Cold Hearts(4)

By: Sharon Sala


He was giving the bolts a last check to make sure they were tight when he heard the bell jingle on the front door. He frowned, thinking he’d locked it, then realized that when he’d come back from getting the oil pan, he’d probably left it undone. It was odd that anyone would come in, though, because all the lights were off except the one here in this bay, so he watched the doorway, a bit uneasy.

But when he saw who was walking into the garage, his uneasiness disappeared.

“You’re out pretty late, aren’t you?” Paul asked.

“So are you,” the man said.

Paul glanced back up at the oil pan.

“Give me a second and I’ll be right with you.”

“Don’t hurry on my account.” The moment Paul turned his back, the man hit the control switch to the lift and dropped Melissa Sherman’s car on top of Paul’s head.

Paul was caught off guard by the initial blow and staggered a couple of steps back, unaware that the lift was still coming down. He didn’t realize what was happening until the next point of impact cracked his skull. His legs buckled as the car came down on him, crushing the rest of his body.

The killer never flinched. The ease of the whole process reinforced his belief that this had had to be done to get where he needed to go.

The silence afterward was as gripping as it had been the day he’d hanged Dick Phillips. He hadn’t planned on doing this tonight, but first driving by and seeing Jackson working late, then parking in the alley and finding the door unlocked, it had seemed as if fate had lent him a hand. The opportunity was too good to pass up. He was surprised by how easy this one turned out. He didn’t even have to get his hands dirty. No muss. No fuss. No noise. Only one thing left to do. He wiped his prints from the lift release and the doorknobs, and made a quick exit as the blood began to run out from beneath the car.

* * *



Lissa hitched a ride to the station to pick up her car with fellow teacher Margaret Lewis. They were bemoaning how muddy the playground would be as Margaret pulled up to the station to let her out.

“Thanks for the lift, Margaret. I’ll see you at school.”

“I’ll wait just to make sure Mr. Jackson is through. Otherwise you’ll still need a ride. Leave your things here until you know for sure,” Margaret said.

“Okay, give me a minute,” Lissa said.

Margaret grinned to herself as she watched Lissa hurry toward the station. That girl never walked when she could run. She saw Lissa enter the station, then move through the door leading into the garage. A couple of moments passed as she lost sight of her, and then she saw her running back.

At first she thought Lissa was only coming back to get her things. It took a few moments for her to realize her friend was screaming. Margaret jumped out on the run.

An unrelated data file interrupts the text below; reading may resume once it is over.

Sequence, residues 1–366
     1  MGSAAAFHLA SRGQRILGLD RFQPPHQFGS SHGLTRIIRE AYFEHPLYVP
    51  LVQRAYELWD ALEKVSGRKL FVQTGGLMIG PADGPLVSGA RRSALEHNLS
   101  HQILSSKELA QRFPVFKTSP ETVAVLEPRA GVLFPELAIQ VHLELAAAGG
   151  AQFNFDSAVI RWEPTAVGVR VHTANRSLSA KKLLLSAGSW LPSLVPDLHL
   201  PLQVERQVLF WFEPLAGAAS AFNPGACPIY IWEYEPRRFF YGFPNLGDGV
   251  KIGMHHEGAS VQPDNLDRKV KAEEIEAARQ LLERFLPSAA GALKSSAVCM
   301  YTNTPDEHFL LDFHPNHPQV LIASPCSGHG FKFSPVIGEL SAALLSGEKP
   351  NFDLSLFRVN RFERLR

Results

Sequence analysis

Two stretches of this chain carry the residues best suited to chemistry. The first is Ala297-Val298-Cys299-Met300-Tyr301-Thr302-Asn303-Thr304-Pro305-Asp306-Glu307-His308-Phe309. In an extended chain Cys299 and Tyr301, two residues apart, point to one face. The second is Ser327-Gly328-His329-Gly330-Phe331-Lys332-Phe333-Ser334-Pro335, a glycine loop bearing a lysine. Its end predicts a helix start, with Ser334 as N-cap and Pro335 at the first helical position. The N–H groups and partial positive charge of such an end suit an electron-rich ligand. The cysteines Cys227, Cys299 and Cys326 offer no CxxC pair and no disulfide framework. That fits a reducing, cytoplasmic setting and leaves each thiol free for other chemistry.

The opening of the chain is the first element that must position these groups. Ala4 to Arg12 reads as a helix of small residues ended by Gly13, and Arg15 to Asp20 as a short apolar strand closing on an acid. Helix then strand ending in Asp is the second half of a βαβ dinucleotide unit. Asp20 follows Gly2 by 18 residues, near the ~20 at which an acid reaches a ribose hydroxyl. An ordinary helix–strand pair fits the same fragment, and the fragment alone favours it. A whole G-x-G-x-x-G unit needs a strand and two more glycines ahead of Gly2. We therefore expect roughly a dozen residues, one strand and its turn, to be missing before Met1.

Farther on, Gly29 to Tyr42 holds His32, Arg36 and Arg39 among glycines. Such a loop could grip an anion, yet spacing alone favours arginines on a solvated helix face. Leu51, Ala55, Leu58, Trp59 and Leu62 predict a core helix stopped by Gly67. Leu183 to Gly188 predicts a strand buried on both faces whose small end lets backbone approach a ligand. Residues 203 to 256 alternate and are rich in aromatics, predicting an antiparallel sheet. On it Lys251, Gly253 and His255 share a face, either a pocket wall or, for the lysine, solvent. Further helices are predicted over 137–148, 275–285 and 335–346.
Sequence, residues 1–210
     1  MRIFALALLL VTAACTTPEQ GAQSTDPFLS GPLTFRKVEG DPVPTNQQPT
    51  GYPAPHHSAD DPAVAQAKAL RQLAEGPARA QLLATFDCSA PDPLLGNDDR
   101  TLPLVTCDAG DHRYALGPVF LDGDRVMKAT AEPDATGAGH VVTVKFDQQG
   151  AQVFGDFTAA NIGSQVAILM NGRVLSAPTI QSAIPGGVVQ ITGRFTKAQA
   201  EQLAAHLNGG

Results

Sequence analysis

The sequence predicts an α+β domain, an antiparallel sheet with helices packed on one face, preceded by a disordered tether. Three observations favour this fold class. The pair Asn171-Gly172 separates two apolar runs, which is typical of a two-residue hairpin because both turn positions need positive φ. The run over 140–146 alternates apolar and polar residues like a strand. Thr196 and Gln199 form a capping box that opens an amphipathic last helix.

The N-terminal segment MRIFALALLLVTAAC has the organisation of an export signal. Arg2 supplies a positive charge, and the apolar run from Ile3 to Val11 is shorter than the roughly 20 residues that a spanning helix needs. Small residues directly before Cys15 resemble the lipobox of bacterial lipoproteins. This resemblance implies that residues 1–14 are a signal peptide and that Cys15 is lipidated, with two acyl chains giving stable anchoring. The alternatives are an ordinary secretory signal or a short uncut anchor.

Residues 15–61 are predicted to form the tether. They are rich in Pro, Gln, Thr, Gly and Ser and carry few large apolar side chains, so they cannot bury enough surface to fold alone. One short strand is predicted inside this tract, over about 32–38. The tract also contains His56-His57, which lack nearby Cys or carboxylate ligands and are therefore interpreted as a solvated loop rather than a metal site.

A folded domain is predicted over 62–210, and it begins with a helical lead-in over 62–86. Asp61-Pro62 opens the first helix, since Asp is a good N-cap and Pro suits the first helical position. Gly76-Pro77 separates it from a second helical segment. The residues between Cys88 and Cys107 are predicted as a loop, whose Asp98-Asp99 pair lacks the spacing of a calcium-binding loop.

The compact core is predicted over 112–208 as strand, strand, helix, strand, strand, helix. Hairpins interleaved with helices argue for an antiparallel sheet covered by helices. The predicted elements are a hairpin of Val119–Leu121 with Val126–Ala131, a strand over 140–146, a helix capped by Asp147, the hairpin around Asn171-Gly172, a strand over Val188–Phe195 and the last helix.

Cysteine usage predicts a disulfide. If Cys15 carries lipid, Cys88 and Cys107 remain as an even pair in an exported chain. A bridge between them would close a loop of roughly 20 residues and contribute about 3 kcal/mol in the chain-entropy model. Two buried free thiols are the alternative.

“What happened? What’s wrong?” she yelled, as Lissa came flying out of the station.

“He’s dead! Mr. Jackson is dead. Oh, my God, my car fell on him! Call an ambulance! Call the police!”

Margaret gasped and ducked back in her car to get her phone, while Lissa sank to her knees and covered her face, too shaken to stand.

* * *



Police Chief Trey Jakes was already on his way into Mystic when he got a call on his cell. When he saw it was from the dispatcher, he wondered why he hadn’t used the radio.

“Hey, Avery. What’s up?” Trey said, as he topped the hill just outside town.

“You need to go straight to Jackson’s gas station. A customer found him in the garage. Car fell on him. He’s dead.”

Now he understood the need to keep this news off the radio and as quiet as possible for the time being.

“Oh, hell. Who’s on duty?” Trey muttered.

“Earl had just clocked out, but he’s there now.”

“Tell him to secure the scene and not to touch anything until I get there. Did you call the coroner?”

“Yes, sir. They said it will be a couple of hours.”

Trey turned on the lights and siren. “I’ll be there in five, maybe less. Keep radio traffic vague.”

“Yes, sir.”

Trey disconnected and accelerated. This was going to be one hell of a hard day. Paul’s only son, Mack, was a friend. And with that thought came another that made the skin crawl on the back of his neck. Paul was his mother’s old boyfriend and one of the survivors of a bad car crash his mom had been in when they were teens. The investigation into the death of Dick Phillips, who’d been in that same wreck, was still ongoing. First Dick, now Paul. Trey had been a cop too long to be a big believer in coincidence.

He hit the city limits of Mystic running hot. The early hour automatically ruled out excess traffic, but as he pulled up at the gas station, it appeared by the size of the gathering crowd that word was spreading anyway. He sighed. The joys of small-town living.

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